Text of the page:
Home > academic research, visual culture, Winchester > On and Of Practice

On and Of Practice

Winchester School of Art PhD students have a lovely exhibition up at Hartley library in Southampton. Image-Text-Object: Practices of Research features the range of practice-based research we engage in at the School but also underlines more broadly connections of theory and practice. Curated by Jane Birkin, the pieces illuminate through various different materials the critical audiovisual, installation and time-based mobilize as insights to cultural reality. From archives to gender culture, to non-Western perspectives, contexts of religon and culture and in general, image-text relationships, the pieces are themselves ways in which to unfold the methodologies of practice at a research-led art school (WSA is part of the Russell Group University of Southampton).

“Notes on Practice” the first pages of the short catalogue leaflet promises. “To text experimentally, to put to test; n. the actual application or use of an idea, belief, or method, as opposed to theories relating to it; v. to perform an activity or exercise a skill repeatedly or regularly in order to acquire, improve or maintain proficiency.” The dictionary definition resonates with the manner of doing things as research. But the exhibition also reminds that theory itself is a practice that unfolds through its engagements – the necessity to stay open to the encounter of – the world in its audiovisual, affective materiality.

A close-up of Nina Pancheva-Kirkova's "How to Creat an Ideal Past"-installation.

A close-up of Nina Pancheva-Kirkova’s “How to Create an Ideal Past”-installation.

Art schools occupy an interesting role in post World War II Britain, addressed also in John Beck and Matthew Cornford’s Journal of Visual Culture-text “The Art School in Ruins“. Indeed, it’s an important realization that with the increase in generalised discourse about “creativity” which penetrates the social and economic fabric – including business-talk – the waning of art schools has been ensured by lack of public funding. It is telling of a current odd ideological production of reality of creative culture. In current contexts of importance of art and design, it is encouraging to see how notions of art practice emerging in a university context too can inform the wider set of academic and critical questions in visual culture and design; textile and fashion; as well as gender and political reality (of for instance post-Communist era as in one of the pieces).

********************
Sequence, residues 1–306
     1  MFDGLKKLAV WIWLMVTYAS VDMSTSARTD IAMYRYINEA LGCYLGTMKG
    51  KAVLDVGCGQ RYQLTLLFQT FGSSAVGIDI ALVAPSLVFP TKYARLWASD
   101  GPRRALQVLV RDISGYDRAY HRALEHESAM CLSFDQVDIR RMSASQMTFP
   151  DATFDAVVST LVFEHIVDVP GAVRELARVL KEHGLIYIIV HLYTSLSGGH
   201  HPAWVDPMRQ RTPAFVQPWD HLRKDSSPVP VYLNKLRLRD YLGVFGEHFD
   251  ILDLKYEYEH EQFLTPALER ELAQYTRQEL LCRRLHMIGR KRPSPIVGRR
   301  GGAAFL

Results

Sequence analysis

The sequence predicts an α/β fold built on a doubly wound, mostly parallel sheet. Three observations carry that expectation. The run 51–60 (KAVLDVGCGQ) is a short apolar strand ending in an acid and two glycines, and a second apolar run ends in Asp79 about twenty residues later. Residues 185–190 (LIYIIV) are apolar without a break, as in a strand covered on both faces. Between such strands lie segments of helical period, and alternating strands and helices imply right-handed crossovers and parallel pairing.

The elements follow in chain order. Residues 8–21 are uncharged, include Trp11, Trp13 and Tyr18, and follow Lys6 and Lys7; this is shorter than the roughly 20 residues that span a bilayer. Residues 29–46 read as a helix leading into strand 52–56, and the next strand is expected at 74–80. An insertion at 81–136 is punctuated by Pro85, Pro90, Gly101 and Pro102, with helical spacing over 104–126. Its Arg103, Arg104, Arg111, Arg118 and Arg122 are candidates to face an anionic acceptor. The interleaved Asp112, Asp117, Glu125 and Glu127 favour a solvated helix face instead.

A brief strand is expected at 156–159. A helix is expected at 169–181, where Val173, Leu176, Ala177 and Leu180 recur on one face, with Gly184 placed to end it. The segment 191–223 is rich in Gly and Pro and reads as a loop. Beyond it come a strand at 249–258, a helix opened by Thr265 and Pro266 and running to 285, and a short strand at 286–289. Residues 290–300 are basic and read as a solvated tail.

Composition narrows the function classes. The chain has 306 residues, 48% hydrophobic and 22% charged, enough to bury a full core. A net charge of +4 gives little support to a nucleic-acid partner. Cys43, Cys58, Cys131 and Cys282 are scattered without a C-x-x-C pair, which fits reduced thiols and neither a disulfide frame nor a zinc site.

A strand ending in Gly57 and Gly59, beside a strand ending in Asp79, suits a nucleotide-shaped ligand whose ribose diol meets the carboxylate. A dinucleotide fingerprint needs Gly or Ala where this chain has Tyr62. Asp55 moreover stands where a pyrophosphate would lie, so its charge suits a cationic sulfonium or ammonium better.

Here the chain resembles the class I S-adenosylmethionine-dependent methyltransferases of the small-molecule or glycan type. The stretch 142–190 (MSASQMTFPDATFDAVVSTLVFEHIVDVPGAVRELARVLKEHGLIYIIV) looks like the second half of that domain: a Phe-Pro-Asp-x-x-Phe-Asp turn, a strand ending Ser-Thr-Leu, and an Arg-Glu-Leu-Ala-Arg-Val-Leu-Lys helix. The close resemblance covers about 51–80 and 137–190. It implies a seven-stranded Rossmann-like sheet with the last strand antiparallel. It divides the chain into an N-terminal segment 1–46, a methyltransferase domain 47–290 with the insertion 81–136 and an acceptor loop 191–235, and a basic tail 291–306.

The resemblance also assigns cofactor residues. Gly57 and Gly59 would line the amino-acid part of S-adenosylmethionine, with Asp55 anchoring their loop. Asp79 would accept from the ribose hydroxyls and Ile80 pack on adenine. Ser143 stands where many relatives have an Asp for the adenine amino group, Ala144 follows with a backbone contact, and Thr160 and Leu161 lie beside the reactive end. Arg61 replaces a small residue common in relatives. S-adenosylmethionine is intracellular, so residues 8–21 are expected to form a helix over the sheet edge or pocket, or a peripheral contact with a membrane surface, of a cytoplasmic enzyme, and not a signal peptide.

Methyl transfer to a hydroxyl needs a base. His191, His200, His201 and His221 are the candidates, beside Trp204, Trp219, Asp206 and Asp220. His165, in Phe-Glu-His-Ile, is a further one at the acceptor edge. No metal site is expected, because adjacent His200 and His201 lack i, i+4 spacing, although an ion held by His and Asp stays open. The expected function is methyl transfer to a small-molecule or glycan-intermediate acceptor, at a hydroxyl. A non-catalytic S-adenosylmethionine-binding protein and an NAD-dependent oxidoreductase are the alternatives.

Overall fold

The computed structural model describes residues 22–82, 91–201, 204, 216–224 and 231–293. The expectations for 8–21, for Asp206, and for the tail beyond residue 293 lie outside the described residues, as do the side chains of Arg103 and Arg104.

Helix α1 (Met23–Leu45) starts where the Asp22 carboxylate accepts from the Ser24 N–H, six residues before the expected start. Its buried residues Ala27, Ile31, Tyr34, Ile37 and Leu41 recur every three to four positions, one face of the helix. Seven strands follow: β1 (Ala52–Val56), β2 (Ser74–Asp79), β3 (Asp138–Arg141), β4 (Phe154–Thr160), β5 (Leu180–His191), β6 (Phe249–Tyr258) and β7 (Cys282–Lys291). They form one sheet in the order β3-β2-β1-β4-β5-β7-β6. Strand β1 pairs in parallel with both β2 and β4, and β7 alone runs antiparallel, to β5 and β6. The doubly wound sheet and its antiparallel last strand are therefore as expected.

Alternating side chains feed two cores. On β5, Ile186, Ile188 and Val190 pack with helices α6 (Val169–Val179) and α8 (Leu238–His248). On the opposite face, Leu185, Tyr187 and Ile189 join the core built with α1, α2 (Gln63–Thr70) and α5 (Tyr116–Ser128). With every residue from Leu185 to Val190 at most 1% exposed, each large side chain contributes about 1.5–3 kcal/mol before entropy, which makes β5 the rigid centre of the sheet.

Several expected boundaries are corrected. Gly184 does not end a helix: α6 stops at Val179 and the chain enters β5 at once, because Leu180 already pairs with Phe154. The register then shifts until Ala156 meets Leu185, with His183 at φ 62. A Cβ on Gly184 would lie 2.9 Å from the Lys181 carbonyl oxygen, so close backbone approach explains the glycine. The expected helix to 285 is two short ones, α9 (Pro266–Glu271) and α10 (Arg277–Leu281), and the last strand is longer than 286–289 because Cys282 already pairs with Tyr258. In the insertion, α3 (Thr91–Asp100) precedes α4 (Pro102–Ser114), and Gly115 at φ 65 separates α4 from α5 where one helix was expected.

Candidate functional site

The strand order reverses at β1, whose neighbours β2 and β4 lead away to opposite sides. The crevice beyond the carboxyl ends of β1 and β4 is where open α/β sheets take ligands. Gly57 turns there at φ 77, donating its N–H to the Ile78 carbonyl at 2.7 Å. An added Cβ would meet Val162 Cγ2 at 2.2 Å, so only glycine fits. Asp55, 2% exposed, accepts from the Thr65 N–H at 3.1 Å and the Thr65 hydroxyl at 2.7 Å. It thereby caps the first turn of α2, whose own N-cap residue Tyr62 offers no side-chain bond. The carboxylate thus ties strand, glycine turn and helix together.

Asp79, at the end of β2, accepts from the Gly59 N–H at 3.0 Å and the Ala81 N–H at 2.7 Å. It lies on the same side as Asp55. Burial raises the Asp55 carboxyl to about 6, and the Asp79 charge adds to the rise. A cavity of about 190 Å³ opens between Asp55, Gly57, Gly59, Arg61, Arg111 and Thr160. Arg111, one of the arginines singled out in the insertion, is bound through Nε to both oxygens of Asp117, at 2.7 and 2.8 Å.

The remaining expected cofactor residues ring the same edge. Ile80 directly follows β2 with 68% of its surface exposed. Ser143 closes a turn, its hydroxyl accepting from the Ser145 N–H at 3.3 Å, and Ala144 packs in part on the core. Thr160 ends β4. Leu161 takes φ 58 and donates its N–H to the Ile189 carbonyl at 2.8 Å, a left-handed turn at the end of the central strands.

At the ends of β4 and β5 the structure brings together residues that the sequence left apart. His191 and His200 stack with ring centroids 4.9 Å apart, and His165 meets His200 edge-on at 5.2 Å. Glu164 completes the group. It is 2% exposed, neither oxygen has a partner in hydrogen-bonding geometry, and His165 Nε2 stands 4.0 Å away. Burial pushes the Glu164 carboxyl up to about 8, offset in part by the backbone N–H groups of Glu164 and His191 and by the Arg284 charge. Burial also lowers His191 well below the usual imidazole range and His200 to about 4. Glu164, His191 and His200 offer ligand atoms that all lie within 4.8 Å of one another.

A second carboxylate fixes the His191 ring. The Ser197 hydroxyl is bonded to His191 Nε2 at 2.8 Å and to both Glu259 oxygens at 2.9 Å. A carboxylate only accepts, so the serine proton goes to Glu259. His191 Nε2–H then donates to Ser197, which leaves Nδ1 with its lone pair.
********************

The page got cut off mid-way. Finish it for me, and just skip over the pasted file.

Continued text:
About these ads
  1. March 8, 2014 at 1:43 pm

    Here at hartley library and reception have not heard of exhibitiion. Say its not in their calander.

    • March 10, 2014 at 6:43 pm

      how frustrating! It’s very visible there and part of the library’s space…I think it was the 2nd floor or so. Will alert the curator (who works at the Library Special collections) about the hiccup in comms – sorry to hear that!

      • Joe stevens
        March 11, 2014 at 11:57 am

        As we weren’t students Reception wouldn’t let us just wander the building and we couldn’t get through their security gates. Still got to see Ship to Shore, which is what we’d primarily gone to Southampton to see.

      • March 11, 2014 at 11:59 am

        frustrating! I alerted Jane, the curator and she informed staff who in general are well aware of the exhibition but this time you had back luck. Sorry!

  1. No trackbacks yet.

Leave a Reply

Fill in your details below or click an icon to log in:

WordPress.com Logo

You are commenting using your WordPress.com account. Log Out / Change )

Twitter picture

You are commenting using your Twitter account. Log Out / Change )

Facebook photo

You are commenting using your Facebook account. Log Out / Change )

Google+ photo

You are commenting using your Google+ account. Log Out / Change )

Connecting to %s

Follow

Get every new post delivered to your Inbox.

Join 248 other followers

%d bloggers like this: